A law has been adopted on the handling of secondary raw materials

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Pepeliaev Group advises that, on 14 July 2022, a law [1] was published that determines the legal regime for secondary resources, secondary raw materials and industrial by-products (the “Law”). 

With the law being adopted, the legislature intends to reduce the amount of waste that is transported to disposal sites and to stimulate the commercialization of useful components of waste.

The document amends four federal laws [2] and comes into force on 1 March 2023 (save for individual provisions). 

Let us consider the new developments to come.

Secondary resources

The law introduces the concept of secondary resources as a special category of waste and introduces specifics for handling these resources.

Secondary resources are waste that complies with two criteria:

  • they may be used for the second time to produce goods, perform work, supply services or receive energy; and

  • have been obtained as a result of the separate accumulation, collection or processing of waste or formed during production.

Secondary resources include, for instance, ferrous and non-ferrous scrap metals.

Inasmuch as secondary resources are waste, the handling of such resources is regulated by the Law on Waste. At the same time, the specifics of secondary resources is that it is prohibited to bury them, unlike other resources. The law requires that such waste [3] should be recycled.

If secondary resources have been formed as a result of a legal entity’s operations it must ensure that such waste is recycled (either on its own or by transferring it to another entity).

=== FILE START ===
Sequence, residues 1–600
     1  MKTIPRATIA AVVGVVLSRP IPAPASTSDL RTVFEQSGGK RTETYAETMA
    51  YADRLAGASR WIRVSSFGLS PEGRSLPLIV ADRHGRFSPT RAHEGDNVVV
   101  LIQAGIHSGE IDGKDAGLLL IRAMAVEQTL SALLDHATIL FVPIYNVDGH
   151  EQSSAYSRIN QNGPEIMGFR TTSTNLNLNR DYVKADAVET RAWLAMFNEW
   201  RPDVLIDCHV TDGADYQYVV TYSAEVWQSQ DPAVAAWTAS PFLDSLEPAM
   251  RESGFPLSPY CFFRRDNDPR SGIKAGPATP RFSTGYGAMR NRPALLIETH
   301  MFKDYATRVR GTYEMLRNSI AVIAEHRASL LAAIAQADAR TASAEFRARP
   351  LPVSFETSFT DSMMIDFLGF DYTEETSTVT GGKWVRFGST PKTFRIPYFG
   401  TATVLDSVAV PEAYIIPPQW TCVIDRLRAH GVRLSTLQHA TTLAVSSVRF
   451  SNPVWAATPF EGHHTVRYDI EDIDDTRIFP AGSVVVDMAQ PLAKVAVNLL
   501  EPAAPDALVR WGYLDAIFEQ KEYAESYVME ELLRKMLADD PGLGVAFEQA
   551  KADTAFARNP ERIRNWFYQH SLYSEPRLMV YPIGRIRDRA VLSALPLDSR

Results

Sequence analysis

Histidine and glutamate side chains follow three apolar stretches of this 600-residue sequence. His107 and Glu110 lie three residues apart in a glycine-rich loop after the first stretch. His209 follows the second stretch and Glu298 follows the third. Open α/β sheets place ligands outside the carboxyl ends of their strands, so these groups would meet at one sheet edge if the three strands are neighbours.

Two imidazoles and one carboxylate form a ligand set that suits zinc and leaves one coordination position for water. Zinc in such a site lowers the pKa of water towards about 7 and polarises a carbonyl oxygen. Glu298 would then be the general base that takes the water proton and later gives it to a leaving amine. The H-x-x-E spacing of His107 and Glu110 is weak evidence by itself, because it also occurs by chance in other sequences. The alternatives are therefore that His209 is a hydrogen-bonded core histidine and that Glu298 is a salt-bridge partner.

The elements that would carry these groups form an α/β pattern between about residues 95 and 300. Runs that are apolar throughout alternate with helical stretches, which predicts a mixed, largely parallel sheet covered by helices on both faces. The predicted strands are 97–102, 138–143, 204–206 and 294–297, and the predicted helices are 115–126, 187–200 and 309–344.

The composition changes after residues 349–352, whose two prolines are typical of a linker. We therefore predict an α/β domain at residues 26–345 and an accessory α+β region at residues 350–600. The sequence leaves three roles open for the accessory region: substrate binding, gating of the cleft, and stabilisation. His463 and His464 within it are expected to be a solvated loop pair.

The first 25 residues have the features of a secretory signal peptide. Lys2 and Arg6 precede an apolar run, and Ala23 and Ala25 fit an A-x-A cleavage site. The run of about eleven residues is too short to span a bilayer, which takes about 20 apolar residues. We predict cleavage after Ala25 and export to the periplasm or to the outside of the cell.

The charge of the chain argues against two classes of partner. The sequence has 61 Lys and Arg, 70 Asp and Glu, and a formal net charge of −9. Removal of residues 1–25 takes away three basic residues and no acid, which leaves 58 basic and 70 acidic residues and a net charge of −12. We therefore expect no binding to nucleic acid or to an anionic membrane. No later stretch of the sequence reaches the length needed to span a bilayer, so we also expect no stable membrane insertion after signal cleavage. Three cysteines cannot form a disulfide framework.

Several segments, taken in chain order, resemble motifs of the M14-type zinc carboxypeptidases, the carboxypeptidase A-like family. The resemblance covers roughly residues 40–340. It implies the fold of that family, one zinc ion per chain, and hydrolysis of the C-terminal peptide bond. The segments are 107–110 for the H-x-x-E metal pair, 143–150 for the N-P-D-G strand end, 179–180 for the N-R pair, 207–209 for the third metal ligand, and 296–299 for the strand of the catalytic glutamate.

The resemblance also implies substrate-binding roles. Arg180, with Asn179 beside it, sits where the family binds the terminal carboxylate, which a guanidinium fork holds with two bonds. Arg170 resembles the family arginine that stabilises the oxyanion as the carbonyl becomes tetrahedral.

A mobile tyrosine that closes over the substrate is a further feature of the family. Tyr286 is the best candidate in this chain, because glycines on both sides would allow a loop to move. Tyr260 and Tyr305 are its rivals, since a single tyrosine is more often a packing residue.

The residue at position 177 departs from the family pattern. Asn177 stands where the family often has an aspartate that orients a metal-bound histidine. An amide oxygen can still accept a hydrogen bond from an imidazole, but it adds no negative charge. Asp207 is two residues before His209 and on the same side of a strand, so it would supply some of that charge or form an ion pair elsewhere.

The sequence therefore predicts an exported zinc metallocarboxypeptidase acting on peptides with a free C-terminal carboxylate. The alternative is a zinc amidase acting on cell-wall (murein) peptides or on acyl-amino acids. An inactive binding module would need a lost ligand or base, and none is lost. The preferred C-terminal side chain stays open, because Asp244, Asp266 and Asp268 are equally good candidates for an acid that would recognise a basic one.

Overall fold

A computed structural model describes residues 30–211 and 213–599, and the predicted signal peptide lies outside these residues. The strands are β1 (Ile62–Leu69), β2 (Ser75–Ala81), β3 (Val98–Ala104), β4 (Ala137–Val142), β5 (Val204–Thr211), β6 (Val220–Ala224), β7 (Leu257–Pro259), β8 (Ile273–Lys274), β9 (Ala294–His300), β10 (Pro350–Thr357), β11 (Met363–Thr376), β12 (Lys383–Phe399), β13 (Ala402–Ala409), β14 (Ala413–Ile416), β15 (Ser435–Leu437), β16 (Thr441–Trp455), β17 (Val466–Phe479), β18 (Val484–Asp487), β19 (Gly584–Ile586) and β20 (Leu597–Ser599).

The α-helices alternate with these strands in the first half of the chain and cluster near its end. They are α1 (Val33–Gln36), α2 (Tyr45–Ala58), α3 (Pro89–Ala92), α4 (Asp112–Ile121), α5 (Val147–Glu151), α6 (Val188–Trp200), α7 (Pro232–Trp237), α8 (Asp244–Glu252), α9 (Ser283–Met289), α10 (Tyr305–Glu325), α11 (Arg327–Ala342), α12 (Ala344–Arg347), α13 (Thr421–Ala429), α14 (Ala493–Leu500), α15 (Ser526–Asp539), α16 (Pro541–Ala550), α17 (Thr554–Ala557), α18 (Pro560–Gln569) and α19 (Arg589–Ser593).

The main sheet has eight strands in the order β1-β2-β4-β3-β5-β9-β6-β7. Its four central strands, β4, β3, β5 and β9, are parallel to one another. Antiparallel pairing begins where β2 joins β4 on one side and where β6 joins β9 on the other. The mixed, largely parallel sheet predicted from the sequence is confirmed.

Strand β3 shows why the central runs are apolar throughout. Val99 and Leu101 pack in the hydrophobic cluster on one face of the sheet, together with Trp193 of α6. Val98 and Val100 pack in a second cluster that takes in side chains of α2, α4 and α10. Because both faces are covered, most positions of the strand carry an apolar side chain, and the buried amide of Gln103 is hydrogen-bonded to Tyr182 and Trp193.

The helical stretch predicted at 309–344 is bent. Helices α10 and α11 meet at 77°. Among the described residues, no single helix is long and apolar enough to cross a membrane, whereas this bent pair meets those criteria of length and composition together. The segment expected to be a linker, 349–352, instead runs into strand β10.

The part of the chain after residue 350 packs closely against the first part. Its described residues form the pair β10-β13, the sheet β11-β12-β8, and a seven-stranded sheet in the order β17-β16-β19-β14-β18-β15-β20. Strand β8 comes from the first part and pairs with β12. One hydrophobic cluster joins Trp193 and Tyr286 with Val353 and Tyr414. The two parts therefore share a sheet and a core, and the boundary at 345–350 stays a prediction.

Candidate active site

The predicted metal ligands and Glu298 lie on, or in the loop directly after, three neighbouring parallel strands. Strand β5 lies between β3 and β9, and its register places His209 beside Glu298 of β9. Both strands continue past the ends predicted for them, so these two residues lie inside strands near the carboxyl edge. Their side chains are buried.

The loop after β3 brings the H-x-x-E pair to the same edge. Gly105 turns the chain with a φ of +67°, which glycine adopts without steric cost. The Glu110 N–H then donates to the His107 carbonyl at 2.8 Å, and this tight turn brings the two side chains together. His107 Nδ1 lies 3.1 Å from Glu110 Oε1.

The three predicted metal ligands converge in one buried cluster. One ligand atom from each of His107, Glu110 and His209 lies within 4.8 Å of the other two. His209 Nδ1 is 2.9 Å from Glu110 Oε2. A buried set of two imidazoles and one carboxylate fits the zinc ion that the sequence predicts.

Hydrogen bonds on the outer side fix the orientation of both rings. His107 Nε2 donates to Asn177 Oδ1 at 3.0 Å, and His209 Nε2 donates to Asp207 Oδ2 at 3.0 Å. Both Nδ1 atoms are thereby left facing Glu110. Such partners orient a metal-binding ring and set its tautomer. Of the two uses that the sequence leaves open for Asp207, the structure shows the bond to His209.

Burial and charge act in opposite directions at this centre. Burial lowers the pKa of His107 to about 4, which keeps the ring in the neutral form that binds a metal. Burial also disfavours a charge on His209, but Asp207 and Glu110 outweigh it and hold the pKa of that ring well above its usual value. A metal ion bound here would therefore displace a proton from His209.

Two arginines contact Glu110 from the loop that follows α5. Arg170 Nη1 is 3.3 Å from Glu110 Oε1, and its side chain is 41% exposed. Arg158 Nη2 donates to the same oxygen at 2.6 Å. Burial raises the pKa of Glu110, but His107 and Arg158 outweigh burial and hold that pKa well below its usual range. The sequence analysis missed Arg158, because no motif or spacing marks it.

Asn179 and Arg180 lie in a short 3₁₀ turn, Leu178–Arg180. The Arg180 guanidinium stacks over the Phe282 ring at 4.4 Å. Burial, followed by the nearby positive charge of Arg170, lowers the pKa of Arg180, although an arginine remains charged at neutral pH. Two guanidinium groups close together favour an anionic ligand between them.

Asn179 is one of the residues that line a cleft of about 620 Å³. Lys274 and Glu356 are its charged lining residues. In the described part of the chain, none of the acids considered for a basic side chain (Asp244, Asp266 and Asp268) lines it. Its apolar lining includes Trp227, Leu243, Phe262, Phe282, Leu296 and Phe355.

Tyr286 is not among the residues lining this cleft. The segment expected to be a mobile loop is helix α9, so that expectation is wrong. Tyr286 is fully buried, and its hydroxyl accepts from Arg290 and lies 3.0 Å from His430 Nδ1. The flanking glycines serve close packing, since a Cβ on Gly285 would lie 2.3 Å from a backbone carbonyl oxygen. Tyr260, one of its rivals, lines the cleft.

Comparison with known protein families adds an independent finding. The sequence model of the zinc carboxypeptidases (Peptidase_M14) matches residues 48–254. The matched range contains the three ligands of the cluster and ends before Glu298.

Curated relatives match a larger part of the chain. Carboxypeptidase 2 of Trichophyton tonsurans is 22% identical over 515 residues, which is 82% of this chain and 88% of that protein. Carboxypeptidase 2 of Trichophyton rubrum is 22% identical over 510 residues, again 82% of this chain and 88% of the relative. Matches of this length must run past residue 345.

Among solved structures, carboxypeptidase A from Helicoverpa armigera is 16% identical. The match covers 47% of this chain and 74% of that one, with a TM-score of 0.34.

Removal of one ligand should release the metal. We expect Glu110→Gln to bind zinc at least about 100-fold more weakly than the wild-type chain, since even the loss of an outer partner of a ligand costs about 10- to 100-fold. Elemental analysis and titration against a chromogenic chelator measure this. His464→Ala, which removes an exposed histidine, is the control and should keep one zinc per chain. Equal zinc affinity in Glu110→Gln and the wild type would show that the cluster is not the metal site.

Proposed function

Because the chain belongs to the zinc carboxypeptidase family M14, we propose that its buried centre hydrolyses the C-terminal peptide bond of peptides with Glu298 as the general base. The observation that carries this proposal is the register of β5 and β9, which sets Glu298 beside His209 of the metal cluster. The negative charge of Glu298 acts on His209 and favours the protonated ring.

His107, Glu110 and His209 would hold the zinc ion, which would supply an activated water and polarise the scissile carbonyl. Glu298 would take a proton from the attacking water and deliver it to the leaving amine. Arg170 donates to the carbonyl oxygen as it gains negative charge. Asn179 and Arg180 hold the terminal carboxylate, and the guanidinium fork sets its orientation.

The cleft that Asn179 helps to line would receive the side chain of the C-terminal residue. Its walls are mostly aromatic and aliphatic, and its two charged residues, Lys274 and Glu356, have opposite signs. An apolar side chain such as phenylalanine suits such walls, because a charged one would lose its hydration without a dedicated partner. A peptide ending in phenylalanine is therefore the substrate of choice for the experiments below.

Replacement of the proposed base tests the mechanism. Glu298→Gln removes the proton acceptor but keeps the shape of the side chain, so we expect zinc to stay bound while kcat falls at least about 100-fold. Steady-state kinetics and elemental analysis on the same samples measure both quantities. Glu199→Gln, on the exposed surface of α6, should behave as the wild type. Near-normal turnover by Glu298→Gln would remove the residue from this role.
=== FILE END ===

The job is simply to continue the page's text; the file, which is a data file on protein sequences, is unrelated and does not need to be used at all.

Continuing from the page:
If secondary resources have been formed as a result of an individual’s consumption of certain goods, then such individual must ensure that they are accumulated separately in places (at sites) where solid domestic waste is accumulated.

It is planned that the specified rules will only start to apply starting from 1 January 2030, given that infrastructure has to be created for recycling secondary resources that will enable compliance with the prohibition on burying secondary resources.

Secondary raw materials

One other term introduced by the Law is secondary raw materials. These are understood as products obtained from secondary resources:

  • directly (without processing); or

  • in accordance with technological processes, methods and ways stipulated in documents applying in Russia in the sphere of standardisation.

Companies that will use secondary resources when manufacturing products and performing works will be able to claim tax and other benefits, as well as subsidies from the state budget. The federal executive body will additionally determine the types of products and works that will be covered by the relevant stimulus measures [4].

Industrial by-products

In terms of regulating the issues of handling industrial by-products it was established in the law that such products are not recognised as waste. Exceptions are established by the Russian Government, which must determine what substances/items cannot be classified as industrial by-products.

The provisions of the Law take account of the existing practice when a by-product obtained during production is used as a raw material for one's own production, as well as consumed or sold as a finished product.

Industrial by-products include substances and/or items that:

  • are formed during the production of the principal product, including in the course of the performance of work and provision of services;

  • are not the purpose of this production or performance of work or services;

  • are suitable as raw materials in production or for consumption as products under Russian legislation.